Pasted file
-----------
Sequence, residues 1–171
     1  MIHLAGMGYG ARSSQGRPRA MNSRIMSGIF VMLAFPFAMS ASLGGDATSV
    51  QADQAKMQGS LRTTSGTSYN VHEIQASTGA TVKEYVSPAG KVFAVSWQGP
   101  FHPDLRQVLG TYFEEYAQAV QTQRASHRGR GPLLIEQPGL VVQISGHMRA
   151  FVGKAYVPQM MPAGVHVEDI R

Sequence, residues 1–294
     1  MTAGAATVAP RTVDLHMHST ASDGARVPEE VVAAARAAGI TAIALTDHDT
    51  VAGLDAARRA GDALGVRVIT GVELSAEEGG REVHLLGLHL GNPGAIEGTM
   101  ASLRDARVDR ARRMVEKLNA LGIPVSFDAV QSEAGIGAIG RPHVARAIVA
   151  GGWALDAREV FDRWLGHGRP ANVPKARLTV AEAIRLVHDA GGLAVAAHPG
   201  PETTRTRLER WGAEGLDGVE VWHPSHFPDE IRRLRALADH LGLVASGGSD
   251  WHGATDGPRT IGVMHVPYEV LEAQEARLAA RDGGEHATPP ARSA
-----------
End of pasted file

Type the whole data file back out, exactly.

Sequence, residues 1–171
     1  MIHLAGMGYG ARSSQGRPRA MNSRIMSGIF VMLAFPFAMS ASLGGDATSV
    51  QADQAKMQGS LRTTSGTSYN VHEIQASTGA TVKEYVSPAG KVFAVSWQGP
   101  FHPDLRQVLG TYFEEYAQAV QTQRASHRGR GPLLIEQPGL VVQISGHMRA
   151  FVGKAYVPQM MPAGVHVEDI R

Sequence, residues 1–294
     1  MTAGAATVAP RTVDLHMHST ASDGARVPEE VVAAARAAGI TAIALTDHDT
    51  VAGLDAARRA GDALGVRVIT GVELSAEEGG REVHLLGLHL GNPGAIEGTM
   101  ASLRDARVDR ARRMVEKLNA LGIPVSFDAV QSEAGIGAIG RPHVARAIVA
   151  GGWALDAREV FDRWLGHGRP ANVPKARLTV AEAIRLVHDA GGLAVAAHPG
   201  PETTRTRLER WGAEGLDGVE VWHPSHFPDE IRRLRALADH LGLVASGGSD
   251  WHGATDGPRT IGVMHVPYEV LEAQEARLAA RDGGEHATPP ARSA